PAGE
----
Mexico’s famous Day of the Dead traditions might change because of eight minutes of Hollywood film. In a pre-credit sequence in Spectre, Sam Mendes’ second Bond film as director, and Daniel Craig’s last as the title character, 007 thwarts a terrorist plot in during a Day of the Dead parade in downtown Mexico City, chasing the Italian bad guys around giant skeleton floats, and through a crowd of thousands of revelers wearing elaborate costumes. The sequence features stunning shots of Mexico City landmarks, including the Zócalo, the city’s main square, and the Torre Latinoamericana, a towering 1950s skyscraper.
Mexico City fought hard for its eight minutes in Spectre. Leaked documents show that Mexican officials offered Sony Pictures millions of dollars in tax incentives in exchange for featuring the capital city in the Bond film. Sony Pictures even let Mexican authorities make certain changes to the script, including featuring a major Mexican actress, Stephanie Sigman, as the “Bond girl” and making the villains another nationality than Mexican.
There was only one problem: the tradition depicted in the movie was completely made up. There are many traditions across Mexico that are associated with Day of the Dead, but a parade through downtown Mexico City has never been one of them.
Bringing Bond to Mexico City was part of a project to promote the capital as a major tourism destination. Tourism is one of Mexico’s main sources of income, earning hundreds of billions of dollars a year, and even surpassing oil revenue in the first part of 2016. Mexican chambers of commerce speak of a “Season of the Dead,” running from October 29 to November 2, as an important tourism season, bringing much-needed income to certain rural areas.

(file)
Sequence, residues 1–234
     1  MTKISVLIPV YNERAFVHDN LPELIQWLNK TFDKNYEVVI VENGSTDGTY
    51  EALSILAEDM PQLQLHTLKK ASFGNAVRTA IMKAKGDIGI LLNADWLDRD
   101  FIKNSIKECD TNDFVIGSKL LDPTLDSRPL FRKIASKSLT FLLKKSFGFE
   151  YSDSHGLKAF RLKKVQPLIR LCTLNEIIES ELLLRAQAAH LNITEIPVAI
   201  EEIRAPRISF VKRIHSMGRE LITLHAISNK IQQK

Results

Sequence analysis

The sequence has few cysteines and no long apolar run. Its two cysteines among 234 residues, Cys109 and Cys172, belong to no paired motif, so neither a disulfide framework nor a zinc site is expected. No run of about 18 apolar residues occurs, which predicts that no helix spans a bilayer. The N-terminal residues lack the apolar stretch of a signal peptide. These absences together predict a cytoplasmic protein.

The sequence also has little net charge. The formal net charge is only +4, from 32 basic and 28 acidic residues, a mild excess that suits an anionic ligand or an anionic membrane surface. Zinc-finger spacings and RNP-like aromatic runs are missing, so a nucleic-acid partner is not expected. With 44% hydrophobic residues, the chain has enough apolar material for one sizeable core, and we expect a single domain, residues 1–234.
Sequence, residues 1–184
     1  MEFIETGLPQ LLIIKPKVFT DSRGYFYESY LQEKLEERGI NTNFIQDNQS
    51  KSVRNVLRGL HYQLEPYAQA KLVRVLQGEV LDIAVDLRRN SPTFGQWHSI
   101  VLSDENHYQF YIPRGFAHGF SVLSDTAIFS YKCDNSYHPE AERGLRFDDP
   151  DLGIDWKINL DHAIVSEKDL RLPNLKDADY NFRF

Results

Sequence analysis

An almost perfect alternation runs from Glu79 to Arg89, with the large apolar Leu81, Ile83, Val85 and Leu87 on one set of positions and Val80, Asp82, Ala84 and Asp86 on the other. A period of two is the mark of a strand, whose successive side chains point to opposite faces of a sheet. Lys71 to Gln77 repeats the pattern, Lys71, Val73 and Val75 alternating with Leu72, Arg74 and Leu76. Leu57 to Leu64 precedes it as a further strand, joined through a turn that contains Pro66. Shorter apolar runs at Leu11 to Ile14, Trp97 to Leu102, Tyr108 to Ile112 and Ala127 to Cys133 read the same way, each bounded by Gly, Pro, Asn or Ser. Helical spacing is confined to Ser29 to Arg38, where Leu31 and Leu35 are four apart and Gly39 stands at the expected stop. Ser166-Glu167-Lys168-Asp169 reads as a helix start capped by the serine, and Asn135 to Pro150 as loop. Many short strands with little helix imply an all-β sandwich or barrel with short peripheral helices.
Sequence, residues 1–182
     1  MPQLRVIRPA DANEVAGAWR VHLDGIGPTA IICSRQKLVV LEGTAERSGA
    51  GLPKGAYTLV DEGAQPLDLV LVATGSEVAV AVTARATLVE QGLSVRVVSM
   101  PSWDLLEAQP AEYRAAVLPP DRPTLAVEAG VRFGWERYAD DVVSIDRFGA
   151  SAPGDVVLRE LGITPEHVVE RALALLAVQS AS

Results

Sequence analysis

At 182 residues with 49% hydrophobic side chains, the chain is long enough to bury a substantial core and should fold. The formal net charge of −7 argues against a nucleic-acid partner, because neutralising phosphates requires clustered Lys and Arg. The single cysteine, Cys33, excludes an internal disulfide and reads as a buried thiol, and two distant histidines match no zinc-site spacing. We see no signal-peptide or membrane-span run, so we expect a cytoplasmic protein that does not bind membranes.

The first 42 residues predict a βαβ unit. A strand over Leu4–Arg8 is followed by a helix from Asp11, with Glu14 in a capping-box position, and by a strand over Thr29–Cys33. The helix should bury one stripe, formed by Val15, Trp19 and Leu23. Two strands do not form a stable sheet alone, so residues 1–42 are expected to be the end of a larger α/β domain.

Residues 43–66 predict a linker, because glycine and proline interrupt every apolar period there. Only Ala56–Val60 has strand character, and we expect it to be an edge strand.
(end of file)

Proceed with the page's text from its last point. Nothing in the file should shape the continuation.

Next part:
Large parts of Mexico City’s historic downtown had to be shut down to accommodate the filming, which took place over 10 days in March of 2015. The street closures cost 6,500 local businesses over 60 percent of their revenue, totaling at least 376 million pesos (about $20 million) in losses.
Mexico City Tourism Secretary Miguel Torruco Marqués, who was involved in securing the film deal, saw the movie as (expensive) advertising for tourism to Mexico. He assured angry business owners and motorists that the traffic problems and lost revenue would be more than made up for when Mexico City became a “Bond City.”
“Bond Cities start booming as soon as the movie comes out,” Torruco Marqués told reporters at a press conference on April 1, 2015. “Not only in tourism, but also in investment. There will be a huge economic boom, and it will make up for the inconveniences.”
However, Mexico’s tourism authorities began to worry that tourists who have seen Spectre might come to Mexico City expecting a parade like the one they saw in the movie, and be disappointed to find that it doesn’t exist. In order to take advantage of all the exposure they had gained from Spectre, they would need to invent a new tradition.
So, on Oct. 29, 2016, Mexico City hosted its first-ever Day of the Dead parade. With over a thousand participants, including professional dancers, choreographers and visual artists, and dozens of floats and giant sculptures for the first edition, the parade aims to attract hundreds of thousands of visitors to Mexico City in the future. Torruco Marqués said that it could even compete with the Rio de Janeiro Carnival for the title of the world’s biggest parade.